Three days before the hysterical panic amongst Tories began the man born and built to add unpleasant swell to a military uniform, or the present leader of the Labour Party, killed the economic prospects of Britain.  Keir Starmer has ruled out the possibility of negotiations to at least secure a customs union or single market alternative to economic self-flagellation.   But in the country that is more responsible than any for this political and economic mess, that is England, the tennis continues at Wimbledon.  The grass is green, the white outfits impeccable, and after a bowl of strawberries and cream it must be difficult for a well-heeled patriot not to believe in British supremacy and style.  Of course, the British are not that good at tennis and for most of the year the strawberries in the supermarkets are imported.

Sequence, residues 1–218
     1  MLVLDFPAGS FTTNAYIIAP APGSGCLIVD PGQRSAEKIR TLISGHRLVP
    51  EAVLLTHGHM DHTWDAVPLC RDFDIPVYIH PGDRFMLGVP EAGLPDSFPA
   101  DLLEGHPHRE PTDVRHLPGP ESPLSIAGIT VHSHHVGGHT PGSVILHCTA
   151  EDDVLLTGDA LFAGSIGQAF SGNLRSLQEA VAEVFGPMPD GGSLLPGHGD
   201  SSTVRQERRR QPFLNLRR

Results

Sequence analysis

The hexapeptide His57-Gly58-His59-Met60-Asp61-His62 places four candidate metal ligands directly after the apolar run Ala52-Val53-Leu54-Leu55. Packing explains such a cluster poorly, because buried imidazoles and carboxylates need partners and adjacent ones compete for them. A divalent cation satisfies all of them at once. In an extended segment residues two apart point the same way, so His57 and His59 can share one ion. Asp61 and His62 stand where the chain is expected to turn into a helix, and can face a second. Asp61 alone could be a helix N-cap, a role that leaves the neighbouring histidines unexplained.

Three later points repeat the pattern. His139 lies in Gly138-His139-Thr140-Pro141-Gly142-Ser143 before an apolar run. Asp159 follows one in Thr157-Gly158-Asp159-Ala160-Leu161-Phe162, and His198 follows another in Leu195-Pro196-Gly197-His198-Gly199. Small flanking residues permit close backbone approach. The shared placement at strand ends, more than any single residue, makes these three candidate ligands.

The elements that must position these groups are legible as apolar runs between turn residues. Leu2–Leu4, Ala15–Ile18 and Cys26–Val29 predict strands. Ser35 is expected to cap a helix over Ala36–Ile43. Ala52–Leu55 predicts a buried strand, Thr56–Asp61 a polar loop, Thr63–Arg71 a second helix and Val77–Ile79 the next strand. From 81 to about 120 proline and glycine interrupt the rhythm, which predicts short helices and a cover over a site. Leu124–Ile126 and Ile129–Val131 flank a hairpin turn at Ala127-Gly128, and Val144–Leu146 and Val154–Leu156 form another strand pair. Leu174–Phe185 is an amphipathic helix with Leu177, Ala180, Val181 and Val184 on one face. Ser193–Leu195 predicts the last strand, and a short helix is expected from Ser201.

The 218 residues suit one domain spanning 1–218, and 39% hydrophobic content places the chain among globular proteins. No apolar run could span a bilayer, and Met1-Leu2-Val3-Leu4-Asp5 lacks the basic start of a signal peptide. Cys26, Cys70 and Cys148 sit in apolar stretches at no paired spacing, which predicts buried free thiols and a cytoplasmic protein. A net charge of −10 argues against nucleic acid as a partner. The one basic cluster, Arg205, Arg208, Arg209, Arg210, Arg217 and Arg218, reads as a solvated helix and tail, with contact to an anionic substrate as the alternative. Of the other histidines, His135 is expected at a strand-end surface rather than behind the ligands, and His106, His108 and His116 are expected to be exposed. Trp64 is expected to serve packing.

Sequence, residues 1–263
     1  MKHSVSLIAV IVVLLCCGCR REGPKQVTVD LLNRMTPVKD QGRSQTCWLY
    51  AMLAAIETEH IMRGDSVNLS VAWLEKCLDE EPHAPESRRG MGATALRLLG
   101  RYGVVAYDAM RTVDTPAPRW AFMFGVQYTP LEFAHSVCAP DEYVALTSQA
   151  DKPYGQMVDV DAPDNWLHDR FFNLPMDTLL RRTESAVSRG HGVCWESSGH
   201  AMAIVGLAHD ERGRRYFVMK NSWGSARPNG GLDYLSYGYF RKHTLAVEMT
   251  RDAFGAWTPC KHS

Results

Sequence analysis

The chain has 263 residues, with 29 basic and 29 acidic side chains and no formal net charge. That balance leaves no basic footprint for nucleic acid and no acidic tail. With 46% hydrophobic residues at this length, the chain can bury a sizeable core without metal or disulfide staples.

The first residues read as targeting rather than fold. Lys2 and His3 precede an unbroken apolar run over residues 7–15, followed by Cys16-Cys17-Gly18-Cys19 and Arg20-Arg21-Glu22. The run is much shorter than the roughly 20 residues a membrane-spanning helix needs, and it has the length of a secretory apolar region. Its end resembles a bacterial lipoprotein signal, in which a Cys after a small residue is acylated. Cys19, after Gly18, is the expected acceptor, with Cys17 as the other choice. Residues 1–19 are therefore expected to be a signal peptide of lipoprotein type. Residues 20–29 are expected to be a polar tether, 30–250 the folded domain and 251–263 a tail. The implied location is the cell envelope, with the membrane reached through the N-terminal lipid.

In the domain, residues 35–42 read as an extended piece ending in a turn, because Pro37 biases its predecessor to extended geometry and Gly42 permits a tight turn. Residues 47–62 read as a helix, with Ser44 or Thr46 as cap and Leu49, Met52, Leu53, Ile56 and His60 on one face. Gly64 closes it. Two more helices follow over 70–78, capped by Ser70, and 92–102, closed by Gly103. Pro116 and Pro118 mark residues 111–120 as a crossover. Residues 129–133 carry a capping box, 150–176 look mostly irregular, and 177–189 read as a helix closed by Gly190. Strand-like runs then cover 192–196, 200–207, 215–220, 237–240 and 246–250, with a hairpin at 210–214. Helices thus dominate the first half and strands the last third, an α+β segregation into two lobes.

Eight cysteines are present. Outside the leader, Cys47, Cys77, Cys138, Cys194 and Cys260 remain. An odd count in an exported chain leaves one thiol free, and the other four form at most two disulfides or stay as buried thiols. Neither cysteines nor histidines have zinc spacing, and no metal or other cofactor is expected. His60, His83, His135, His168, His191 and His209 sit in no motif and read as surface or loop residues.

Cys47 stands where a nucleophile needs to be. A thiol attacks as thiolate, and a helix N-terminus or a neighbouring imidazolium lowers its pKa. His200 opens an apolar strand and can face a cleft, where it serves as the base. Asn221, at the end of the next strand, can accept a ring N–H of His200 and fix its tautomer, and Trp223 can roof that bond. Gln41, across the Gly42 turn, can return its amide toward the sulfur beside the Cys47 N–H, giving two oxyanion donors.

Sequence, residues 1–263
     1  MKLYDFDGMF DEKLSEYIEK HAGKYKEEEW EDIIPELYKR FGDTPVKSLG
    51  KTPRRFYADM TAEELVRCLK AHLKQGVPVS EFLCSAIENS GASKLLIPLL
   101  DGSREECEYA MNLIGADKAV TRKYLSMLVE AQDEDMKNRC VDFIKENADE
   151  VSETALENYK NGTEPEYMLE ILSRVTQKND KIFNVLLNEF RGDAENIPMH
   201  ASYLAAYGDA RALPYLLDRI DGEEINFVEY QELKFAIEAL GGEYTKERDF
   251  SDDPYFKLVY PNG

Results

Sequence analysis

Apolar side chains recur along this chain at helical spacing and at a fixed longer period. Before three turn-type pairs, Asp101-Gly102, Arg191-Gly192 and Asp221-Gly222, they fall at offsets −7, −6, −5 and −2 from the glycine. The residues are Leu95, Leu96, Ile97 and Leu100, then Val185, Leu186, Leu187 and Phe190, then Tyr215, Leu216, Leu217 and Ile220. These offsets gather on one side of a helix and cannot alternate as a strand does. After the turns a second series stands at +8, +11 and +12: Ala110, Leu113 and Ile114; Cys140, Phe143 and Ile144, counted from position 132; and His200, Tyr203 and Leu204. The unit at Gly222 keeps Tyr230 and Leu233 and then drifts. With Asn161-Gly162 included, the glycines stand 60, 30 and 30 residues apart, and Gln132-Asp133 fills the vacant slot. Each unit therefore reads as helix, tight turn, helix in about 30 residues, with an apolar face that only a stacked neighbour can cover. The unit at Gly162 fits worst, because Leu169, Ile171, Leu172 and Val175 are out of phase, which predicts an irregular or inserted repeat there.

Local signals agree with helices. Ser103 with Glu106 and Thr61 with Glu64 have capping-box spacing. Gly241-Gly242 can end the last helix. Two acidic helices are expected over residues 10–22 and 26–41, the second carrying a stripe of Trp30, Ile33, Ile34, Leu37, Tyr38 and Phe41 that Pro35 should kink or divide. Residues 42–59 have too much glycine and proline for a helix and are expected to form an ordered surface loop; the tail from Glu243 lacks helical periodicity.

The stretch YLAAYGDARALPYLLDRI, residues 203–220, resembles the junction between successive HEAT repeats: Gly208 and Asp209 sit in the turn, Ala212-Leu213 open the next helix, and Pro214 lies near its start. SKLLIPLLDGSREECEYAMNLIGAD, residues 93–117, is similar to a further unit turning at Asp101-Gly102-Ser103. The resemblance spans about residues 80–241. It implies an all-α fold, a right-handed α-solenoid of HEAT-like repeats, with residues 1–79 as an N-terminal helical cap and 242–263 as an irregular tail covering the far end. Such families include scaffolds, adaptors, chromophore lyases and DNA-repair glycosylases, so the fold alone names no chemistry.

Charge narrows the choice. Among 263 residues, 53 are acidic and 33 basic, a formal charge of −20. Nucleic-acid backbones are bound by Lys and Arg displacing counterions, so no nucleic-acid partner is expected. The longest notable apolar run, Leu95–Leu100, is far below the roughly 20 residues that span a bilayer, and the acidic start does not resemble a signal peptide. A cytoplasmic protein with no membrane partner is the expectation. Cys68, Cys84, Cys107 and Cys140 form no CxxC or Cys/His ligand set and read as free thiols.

The adulterous husband that delays the sale of the house to preserve the marriage will often have a plan beyond just hanging around the living room and waiting for calm.  Pfeffel steered his betrayed wives away from their grievances by taking them on luxurious holidays.  Elvis Presley, who is in the news at the moment, used to buy his wife motorcars and send her on shopping sprees.  The Pfeffel promise to depart in the autumn has not quashed the fears of a fascist coup that haunt political commentator Richard Murphy.  Dominic Cummings, who himself is no slouch at subverting democratic institutions, has also warned us that Johnson will be scheming to hang on beyond autumn.  Pfeffel is playing for time and although no one with any sense believes he intends to depart when he says few expect Pfeffel to still be the prime minister by then.  He might not even last the week.   And once a Tory leader is elected it should be goodbye Pfeffel.  But if he does somehow last until the autumn, anything can happen between now and then.   A real boost for Pfeffel would be a nuclear war over Ukraine.  Follow that, Rishi Sunak and Sajid Javid, the last British prime minister in history.  Of course, after a nuclear war there might not even be history.  If Pfeffel is still there when the leaves fall, he will hope to be able to call an election.   Distanced from the Tory party, if not divorced, he will present himself to the electorate as their presidential candidate and saviour.   The great blonde patriot and supposedly loyal conservative is more than capable of attempting to dismantle what is supposed to be a constitutional monarchy.  Not quite dismantling perhaps but enough to cause anxiety in the various homes and palaces of the Royal Family.   The threat of Keir Starmer to call a no confidence vote in the government if Pfeffel does not resign immediately was the only possible response from the opposition.  Sorry, someone else can give him credit for linking two rather obvious and very connected thoughts together.   Rather than issuing threats Starmer should have been in Westminster the day of the promise to depart.  He could have organised the no confidence vote and done something more than threaten.  And where was the lumpish parvenu?  Starmer was at Wimbledon watching the tennis, sitting on the front row of the Royal Box and grinning, happy to be with the few that he wants to defend and protect and prefers.